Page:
UNITED STATES OF AMERICA
|In the Matter of||: ORDER INSTITUTING A PUBLIC|
|: PROCEEDING PURSUANT TO SECTION|
|: 21C OF THE SECURITIES EXCHANGE|
|KENNETH SCHWARTZ and||: ACT OF 1934, MAKING|
|: FINDINGS AND|
|JOEL STEINBERG||: IMPOSING A CEASE-AND-|
|: DESIST ORDER|
The Commission deems it appropriate that public administrative proceedings be, and they hereby are, instituted against Kenneth Schwartz ("Schwartz") and Joel Steinberg ("Steinberg") pursuant to Section 21C of the Securities Exchange Act of 1934 ("Exchange Act").
In anticipation of the institution of this proceeding, Schwartz and Steinberg have submitted Offers of Settlement for the purpose of disposing of the issues raised by this proceeding. Solely for the purposes of this proceeding and any other proceeding brought by or on behalf of the Commission or to which the Commission is a party, Schwartz and Steinberg, without admitting or denying the findings set forth herein, except that they admit to the jurisdiction of the Commission over them and over the matters set forth in this Order Instituting a Public Proceeding Pursuant to Section 21C of the Securities Exchange Act of 1934, Making Findings and Imposing a Cease-and-Desist Order ("the "Order"), consent to the entry of this Order.
On the basis of this Order and Schwartz's and Steinberg's Offers of Settlement, the Commission finds1 that:
1. Schwartz, 49, is a partner in Cosmetics Plus, a retail fragrance shop which did business with Model Imperial, Inc. during the relevant period.
2. Steinberg, 49, is Schwartz's partner in Cosmetics Plus.
B. The Issuer
Model Imperial, Inc ("Model Imperial") is a Florida corporation headquartered in Boca Raton, Florida. Its common stock is registered with the Commission pursuant to Section 12(g) of the Exchange Act and was traded on the National Association of Securities Dealers Automated Quotation System until April 10, 1996, when it was delisted. On July 18, 1996, Model Imperial filed for protection under Chapter 11 of the Bankruptcy Code. In September 1997, a reorganization plan was approved by the Bankruptcy Court whereby a privately-held company contributed funds pursuant to an agreement with Model Imperial's secured and unsecured creditors in exchange for 90 percent of Model Imperial's stock.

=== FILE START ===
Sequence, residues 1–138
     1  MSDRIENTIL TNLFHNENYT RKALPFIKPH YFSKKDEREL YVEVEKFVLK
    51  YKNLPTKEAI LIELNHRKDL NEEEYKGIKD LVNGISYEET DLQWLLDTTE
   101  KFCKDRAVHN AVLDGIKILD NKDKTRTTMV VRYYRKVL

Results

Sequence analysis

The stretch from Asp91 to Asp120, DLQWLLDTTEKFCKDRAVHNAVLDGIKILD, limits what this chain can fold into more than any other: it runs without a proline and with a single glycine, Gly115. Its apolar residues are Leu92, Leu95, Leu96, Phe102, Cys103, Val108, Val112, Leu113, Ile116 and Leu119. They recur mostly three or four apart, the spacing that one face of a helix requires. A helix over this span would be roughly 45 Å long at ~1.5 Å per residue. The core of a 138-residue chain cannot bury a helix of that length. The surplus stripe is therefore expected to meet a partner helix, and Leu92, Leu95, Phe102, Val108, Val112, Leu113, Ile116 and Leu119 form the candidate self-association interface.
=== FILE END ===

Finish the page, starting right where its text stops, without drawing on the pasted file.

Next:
Model Imperial, a wholesale distributor of fragrances and cosmetics, engaged in a variety of fraudulent accounting and reporting practices during 1994 and 1995 that resulted in false and misleading periodic filings with the Commission.2 Among these was the company's failure to disclose its practice of obtaining certain products for distribution through illicit payments, and the falsification of the company's books and records to conceal this practice.
To ensure a continuing supply of products from a vendor, Model Imperial made payments to an officer of the vendor, either directly or through a middleman. Certain of these payments were made in cash.
Model Imperial's chief executive officer, Harold Ickovics ("Ickovics"), obtained the cash for these payments by staging fraudulent purchases of perfume through a cooperating New York City perfume vendor, Cosmetics Plus. On at least three occasions, Ickovics delivered a Model Imperial check to the principals of Cosmetics Plus, Schwartz and Steinberg, and received cash in exchange, minus a three percent fee retained by Schwartz and Steinberg. Specifically, in September 1993, Ickovics received $150,000 in cash from Schwartz and Steinberg in exchange for a $154,500 Model Imperial check. In February 1994, he received $140,000 in exchange for a $144,200 Model Imperial check and, in June 1994, he received $200,000 in cash in exchange for a $206,000 Model Imperial check. The fees Schwartz and Steinberg received from their role in these transactions was in the total amount of at least $14,500.
In all three instances, Schwartz and Steinberg provided Ickovics with Cosmetic Plus invoices, purportedly billing Model Imperial for merchandise in the amounts of the Model Imperial checks. In fact, in none of these instances was any merchandise purchased from Cosmetics Plus by Model Imperial. In each case, Ickovics then had the fraudulent purchases recorded on Model Imperial's books to conceal the true nature of transactions. Moreover, Model Imperial failed to disclose that it engaged in commercial bribery in its annual report on Form 10-K for 1994 and its quarterly reports on Form 10-Q for the second and third quarters of 1994 and the first, second and third quarters of 1995.